One of the many success stories of JLab's resonance physics program has been what we have learned about the Delta resonance, which is the lowest energy quantum excitation of the nucleon. There are several ways the nucleon can be electromagnetically excited to the Delta. One, denoted M1, or magnetic dipole moment, gives us information about the distribution of the quarks' electric current within the nucleon and Delta. Another, denoted E2, or electric quadrupole moment, describes the deviation from sphericity of the quarks' electric charge distribution.
a) The pion cloud probed at long wavelengths. b) The nucleon core probed at high Q2 (high resolution).
In the simplest quark picture, both the nucleon and Delta are spherical objects, so that E1=0, and the excitation proceeds completely by M1. Experiments at JLab have shown, however, that the E2/M1 ratio is small but non-zero, suggesting that the nucleon and Delta are not perfectly spherical. The physical picture which this reveals is that the nucleon is a "core" of three quarks enveloped by a non-spherical "cloud" of pions, and photons often interact with this cloud rather than the core. The expectation is that at very high Q2, or short wavelengths, one penetrates the cloud and observes the core, which looks very different, so that E2/M1 should significantly change, even approaching unity at very high Q2.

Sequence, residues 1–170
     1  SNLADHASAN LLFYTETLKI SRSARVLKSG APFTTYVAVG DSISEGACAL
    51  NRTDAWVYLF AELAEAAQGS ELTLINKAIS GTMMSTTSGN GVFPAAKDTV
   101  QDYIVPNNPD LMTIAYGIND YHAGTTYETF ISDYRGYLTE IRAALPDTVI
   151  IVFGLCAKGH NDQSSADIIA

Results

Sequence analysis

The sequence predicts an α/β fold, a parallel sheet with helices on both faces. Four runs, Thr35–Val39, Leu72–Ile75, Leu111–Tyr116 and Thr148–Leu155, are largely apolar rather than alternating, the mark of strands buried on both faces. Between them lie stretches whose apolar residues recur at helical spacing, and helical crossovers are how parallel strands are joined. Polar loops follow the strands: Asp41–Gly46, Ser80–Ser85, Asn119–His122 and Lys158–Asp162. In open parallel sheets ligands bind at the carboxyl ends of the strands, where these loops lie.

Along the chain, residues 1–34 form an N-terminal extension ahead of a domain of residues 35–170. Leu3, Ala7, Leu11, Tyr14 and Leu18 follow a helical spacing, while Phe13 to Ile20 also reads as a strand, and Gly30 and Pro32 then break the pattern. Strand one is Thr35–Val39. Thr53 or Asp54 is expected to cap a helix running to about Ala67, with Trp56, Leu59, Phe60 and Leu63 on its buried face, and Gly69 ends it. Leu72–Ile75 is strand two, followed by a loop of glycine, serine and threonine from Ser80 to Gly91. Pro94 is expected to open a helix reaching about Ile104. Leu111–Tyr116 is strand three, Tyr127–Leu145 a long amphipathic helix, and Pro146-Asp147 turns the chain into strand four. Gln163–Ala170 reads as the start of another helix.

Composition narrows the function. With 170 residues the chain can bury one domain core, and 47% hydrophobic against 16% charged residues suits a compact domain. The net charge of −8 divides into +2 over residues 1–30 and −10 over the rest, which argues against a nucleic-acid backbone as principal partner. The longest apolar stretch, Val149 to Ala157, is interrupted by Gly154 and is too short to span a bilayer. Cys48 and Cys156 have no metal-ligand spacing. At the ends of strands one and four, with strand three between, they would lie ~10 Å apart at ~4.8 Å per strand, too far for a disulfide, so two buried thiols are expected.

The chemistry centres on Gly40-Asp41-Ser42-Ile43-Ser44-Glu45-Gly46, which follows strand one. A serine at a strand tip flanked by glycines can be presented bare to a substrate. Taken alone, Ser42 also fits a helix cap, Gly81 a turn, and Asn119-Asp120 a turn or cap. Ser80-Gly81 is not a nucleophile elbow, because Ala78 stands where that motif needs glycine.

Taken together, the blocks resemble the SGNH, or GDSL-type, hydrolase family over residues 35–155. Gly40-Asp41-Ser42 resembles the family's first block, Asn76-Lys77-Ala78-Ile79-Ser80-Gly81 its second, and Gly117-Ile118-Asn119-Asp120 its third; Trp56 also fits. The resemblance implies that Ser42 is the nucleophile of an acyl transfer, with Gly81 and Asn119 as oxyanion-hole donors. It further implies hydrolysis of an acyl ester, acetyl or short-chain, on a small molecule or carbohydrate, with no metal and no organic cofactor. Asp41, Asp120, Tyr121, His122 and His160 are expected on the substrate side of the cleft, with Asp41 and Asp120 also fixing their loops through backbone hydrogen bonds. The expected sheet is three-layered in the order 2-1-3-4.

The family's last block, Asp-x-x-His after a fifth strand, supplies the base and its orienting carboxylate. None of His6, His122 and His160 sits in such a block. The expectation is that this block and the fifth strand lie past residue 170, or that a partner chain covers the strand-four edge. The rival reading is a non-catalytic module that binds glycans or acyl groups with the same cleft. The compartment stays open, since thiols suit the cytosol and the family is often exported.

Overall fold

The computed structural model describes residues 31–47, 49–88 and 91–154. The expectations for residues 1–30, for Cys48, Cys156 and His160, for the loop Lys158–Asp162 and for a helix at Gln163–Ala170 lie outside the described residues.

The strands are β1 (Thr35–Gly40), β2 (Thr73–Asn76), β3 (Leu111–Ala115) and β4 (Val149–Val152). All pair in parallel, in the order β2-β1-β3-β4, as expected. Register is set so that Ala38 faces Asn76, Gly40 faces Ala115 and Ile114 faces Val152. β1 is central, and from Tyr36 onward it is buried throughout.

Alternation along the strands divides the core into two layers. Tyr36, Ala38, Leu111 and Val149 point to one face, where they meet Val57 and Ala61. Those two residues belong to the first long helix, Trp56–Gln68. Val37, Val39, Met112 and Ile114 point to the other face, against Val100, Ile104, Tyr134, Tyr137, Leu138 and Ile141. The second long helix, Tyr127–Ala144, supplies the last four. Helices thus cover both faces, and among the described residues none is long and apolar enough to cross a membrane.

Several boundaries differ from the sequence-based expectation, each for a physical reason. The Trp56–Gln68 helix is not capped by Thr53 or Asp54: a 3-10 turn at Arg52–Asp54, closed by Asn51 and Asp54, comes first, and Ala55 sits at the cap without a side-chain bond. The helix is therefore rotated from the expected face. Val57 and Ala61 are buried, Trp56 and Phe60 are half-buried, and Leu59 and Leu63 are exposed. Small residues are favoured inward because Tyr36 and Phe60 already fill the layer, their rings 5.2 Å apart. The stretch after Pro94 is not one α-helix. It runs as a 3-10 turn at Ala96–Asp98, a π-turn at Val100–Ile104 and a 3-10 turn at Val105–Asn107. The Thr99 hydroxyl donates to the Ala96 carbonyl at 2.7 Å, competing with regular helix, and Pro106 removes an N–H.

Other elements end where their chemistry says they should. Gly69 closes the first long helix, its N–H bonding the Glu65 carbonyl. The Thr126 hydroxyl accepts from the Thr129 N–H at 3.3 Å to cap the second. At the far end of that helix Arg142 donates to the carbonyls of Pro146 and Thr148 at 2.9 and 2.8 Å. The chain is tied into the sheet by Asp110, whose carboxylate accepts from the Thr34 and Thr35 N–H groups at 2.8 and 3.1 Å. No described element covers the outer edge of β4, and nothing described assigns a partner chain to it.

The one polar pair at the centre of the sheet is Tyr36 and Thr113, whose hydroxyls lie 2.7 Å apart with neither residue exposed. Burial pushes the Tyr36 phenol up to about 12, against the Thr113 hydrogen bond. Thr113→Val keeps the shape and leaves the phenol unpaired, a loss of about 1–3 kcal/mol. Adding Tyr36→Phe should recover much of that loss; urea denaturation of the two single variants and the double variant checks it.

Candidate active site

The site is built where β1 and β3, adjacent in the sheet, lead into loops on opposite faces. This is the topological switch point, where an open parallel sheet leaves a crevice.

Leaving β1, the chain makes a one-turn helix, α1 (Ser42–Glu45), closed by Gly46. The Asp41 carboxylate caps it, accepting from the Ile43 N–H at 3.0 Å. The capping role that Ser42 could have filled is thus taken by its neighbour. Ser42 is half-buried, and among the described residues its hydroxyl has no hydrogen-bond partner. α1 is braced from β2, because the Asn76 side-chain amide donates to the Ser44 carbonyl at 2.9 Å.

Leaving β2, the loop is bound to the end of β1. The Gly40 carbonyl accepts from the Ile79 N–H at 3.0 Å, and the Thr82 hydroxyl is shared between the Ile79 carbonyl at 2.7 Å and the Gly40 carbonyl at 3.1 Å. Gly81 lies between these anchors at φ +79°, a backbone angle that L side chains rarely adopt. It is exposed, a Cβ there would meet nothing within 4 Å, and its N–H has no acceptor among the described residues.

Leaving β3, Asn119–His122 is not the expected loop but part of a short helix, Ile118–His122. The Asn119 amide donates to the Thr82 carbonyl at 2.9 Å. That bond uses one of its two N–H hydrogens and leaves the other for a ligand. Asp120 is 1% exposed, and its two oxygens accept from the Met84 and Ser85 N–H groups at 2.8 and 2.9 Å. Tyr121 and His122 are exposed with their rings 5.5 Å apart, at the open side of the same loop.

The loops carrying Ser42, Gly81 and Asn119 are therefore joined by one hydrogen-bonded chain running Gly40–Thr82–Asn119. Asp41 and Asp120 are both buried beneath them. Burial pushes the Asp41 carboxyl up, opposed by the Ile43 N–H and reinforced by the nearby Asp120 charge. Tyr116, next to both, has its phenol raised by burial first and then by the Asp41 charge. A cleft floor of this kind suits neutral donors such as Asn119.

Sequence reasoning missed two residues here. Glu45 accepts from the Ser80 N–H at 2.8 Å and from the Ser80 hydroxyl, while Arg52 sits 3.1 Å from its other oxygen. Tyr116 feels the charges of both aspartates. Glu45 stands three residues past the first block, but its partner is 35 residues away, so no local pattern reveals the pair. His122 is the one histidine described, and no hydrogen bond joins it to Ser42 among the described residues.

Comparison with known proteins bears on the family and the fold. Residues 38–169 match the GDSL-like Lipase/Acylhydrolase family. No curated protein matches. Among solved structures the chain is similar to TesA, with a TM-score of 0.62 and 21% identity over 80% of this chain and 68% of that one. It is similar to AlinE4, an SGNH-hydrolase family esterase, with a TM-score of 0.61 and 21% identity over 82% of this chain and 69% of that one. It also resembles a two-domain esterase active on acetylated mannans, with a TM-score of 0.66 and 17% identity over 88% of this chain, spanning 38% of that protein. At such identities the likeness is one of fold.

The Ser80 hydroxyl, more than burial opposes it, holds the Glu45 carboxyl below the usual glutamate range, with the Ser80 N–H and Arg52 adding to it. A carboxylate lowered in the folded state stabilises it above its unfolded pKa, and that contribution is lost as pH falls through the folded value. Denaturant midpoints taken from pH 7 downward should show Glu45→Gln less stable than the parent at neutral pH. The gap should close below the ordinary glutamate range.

The E2/M1 ratio has been measured at JLab up to the very highest Q2 ever recorded, corresponding to a resolution of less than 0.05 femtometers. Remarkably, E2/M1 doesn't change very much, but remains approximately constant at a small negative value. At this time, we do not yet understand what properties of the nucleon or Delta give rise to this behavior. There is evidence that further development of the theoretical tool called Lattice QCD may supply the answer.